Sussex players and coaching staff will take part in a moment of unity before the start of play on the opening day of their LV=Insurance County Championship match against Lancashire as the game comes together and shows solidarity in its commitment to eradicate any form of discrimination from cricket.
This will be the first of these moments, which will take place before the start of play at specific points throughout the season. Their introduction follows consultation with the PCA, player representatives from the women’s and men’s game and First-Class Counties. Individual teams and players will be able choose how to take part and express support for this important message.
Tomorrow's moment of unity will follow a reaffirmation on Wednesday by the England and Wales Cricket Board (ECB) of its commitment to driving out all forms of discrimination from cricket.
A new Anti-Discrimination Code of Conduct is in place across the professional game and will be rolled out across recreational leagues and clubs that fall under the ECB’s jurisdiction as the season gets underway. This will ensure that any incidence of discrimination can be subject to disciplinary processes and sanctions.
The implementation of the Anti-Discrimination Code of Conduct will build on the work the ECB has undertaken to tackle discrimination and promote greater inclusion and diversity across the game. Over the past six months, these actions include:
- The creation of the Independent Commission for Equity in Cricket, which will examine all issues relating to race and equity in cricket.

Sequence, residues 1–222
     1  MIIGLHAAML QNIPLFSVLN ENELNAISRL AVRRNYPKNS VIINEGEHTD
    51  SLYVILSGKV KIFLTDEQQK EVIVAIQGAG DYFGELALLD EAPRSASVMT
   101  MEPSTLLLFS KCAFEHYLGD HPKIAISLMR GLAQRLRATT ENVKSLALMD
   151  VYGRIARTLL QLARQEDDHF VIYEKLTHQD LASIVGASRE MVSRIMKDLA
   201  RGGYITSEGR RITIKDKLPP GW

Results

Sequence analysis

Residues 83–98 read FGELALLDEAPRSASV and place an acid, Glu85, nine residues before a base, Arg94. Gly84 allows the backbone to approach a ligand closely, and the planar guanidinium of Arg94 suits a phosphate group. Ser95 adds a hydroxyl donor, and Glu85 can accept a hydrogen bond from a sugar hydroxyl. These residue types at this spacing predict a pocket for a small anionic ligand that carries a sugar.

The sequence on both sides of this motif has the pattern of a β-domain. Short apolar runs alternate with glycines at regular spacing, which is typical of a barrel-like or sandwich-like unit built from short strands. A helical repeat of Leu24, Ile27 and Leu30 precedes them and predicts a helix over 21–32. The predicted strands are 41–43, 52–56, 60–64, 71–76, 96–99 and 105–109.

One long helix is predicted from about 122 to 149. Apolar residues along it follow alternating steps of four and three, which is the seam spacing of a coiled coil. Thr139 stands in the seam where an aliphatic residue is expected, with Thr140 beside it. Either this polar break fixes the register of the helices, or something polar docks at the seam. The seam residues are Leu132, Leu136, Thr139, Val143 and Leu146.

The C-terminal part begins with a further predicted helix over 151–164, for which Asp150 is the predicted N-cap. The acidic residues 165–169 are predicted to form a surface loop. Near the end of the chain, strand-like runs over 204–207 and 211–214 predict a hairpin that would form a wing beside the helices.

- A partnership with the PCA to deliver an anti-racism education programme to professional cricketers, academy players, coaches and support staff. The programme, which has already been rolled out to 917 people across 65 sessions, raises awareness of cultural differences and unconscious bias specifically in the context of racism in professional cricket, and address issues such as workplace banter and inappropriate non-verbal behaviour.
- The creation of bursaries to help increase diversity among coaches across the game by enabling people from under-represented groups to gain qualifications. To date, 10 bursaries have been awarded on the advanced and specialist coaching courses and 1,000 on the Foundation course.
- A re-evaluation of the way in which ECB attracts, develops and performance manages its match officials, in order to increase the diversity of our officiating, inspire the next generation of umpires and match referees and ensure a culture of inclusivity and fairness throughout.
Over the coming months, the ECB will build on its existing work with a range of new initiatives to make cricket more inclusive and diverse as well as providing a clear framework to drive out discrimination.
Tom Harrison, ECB Chief Executive Officer, said: “We remain absolutely committed in our resolve to stamp out any form of discrimination and to make the game more inclusive and diverse.
“The new Anti-Discrimination Code of Conduct sends a clear message that any discriminatory behaviour will be dealt with through disciplinary processes and sanctions. Over the coming months we will build on the actions already taken to launch a number of new initiatives that will help us in our next step towards making cricket a truly inclusive and diverse sport.”